Microsoft’s recently released 2007 upgrade to its market-leading Exchange e-mail server provides faster 64-bit-powered performance along with many other new features, especially when users are paired with the latest Outlook 2007 e-mail client.
At the same time, Exchange 2007’s arrival leads to a fork in the road for many IT departments.
For one, Exchange 2007, with its ability to let end users get voice mails and faxes in their e-mail in-boxes, starts IT departments down Microsoft’s vision of unified communications - whether they like it or not, according to Maurene Grey, a former longtime Gartner analyst currently heading her own independent firm, Grey Consulting.
"Unified communication is not a bandwagon that everyone is trying to clamber onto," she said. As a result, while most Exchange users will choose to cope with complex implementation processes and high costs and continue forging ahead with Exchange 2007, many others are starting to look in earnest at alternatives to the straight and narrow Exchange path.
A "major upgrade" like Exchange 2007 "is not for the faint of heart," Grey said. "Many organizations that are using Exchange today are questioning [the choice] - with Exchange 2007, should we stay in an Exchange environment, or is this the right time to move off?"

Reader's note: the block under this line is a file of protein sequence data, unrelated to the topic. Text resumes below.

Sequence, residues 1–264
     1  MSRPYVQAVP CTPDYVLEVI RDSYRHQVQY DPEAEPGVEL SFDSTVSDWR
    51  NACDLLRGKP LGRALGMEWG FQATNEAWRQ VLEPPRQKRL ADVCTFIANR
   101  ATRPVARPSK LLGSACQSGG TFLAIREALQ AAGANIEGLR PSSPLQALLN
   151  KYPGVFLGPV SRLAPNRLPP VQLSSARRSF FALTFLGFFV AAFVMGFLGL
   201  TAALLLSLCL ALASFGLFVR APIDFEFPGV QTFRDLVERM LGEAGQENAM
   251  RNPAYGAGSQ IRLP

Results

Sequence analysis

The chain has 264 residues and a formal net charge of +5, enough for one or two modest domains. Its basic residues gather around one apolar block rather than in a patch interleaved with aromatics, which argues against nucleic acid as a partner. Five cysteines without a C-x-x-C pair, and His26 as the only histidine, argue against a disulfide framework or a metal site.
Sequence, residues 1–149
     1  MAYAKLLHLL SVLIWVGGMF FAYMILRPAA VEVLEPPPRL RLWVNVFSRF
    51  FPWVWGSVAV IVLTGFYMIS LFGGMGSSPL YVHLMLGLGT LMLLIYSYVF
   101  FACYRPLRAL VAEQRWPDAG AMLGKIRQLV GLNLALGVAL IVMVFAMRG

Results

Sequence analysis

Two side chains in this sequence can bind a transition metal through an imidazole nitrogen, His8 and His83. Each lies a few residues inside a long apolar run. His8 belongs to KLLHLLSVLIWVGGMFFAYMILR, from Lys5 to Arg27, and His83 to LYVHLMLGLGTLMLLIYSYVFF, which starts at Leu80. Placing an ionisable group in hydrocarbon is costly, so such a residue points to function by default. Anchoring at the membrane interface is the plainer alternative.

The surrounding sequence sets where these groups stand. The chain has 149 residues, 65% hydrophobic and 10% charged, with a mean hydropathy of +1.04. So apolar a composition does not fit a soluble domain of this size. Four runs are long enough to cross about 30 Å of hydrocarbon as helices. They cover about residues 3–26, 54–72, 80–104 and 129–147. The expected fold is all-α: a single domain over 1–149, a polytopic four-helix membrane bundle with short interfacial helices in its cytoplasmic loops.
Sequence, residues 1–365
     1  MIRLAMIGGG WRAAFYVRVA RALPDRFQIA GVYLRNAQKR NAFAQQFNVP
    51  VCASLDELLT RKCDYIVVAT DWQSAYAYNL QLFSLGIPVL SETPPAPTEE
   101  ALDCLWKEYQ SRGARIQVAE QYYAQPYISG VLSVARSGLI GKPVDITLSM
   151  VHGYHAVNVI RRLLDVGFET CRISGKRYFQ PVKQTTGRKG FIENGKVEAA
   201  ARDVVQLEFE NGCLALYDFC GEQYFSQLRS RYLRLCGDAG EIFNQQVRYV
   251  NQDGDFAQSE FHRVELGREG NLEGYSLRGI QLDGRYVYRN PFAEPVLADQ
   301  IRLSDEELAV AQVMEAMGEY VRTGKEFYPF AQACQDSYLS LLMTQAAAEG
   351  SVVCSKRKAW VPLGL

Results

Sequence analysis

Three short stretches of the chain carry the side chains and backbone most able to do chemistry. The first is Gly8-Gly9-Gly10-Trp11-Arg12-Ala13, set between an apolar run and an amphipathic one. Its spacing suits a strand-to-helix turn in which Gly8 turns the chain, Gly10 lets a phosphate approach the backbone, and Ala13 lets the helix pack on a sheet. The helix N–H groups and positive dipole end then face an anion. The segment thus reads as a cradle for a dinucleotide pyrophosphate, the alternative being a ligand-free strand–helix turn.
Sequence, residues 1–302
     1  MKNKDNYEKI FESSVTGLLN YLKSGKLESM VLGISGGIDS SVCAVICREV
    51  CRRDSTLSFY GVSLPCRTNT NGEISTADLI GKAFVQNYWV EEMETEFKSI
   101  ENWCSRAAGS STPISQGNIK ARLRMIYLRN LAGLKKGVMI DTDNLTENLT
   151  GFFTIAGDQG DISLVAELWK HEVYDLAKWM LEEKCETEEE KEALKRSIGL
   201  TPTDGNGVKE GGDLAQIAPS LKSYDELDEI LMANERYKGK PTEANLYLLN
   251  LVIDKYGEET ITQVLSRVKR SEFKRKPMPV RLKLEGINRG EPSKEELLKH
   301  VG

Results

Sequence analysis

One obvious alternative is to switch to another e-mail server. Both IBM and Novell are planning to release upgraded e-mail products this year. Version 8 of Lotus Notes and Domino server boasts a revamped user interface for Notes and improved Web services connectivity for Domino.
Meanwhile, Novell said at its annual Brainshare show this week that its upcoming version of Groupwise, now codenamed "Sequoia," will include open-source-based teaming and collaboration features.
Both e-mail servers support Microsoft’s Outlook client and offer their own best-of-breed features that they claim beat Exchange. Neither, however, is significantly cheaper than Exchange, especially after migration and retraining costs are factored in.
For lower price and nearly equivalent functionality, many advocate open-source e-mail servers. Vendors such as Scalix, Zimbra, Open Xchange and ostPath. all all claim to offer near-100 percent compatibility with Exchange at significantly cheaper prices.
The open-source vendors aren’t shy about tooting their own horn. PostPath says its use of the Linux file system allows it to store and e-mail databases more efficiently than Exchange as well as access the files faster, while Scalix and Zimbra both tout their AJAX-based Web clients for being powerful and easy to use.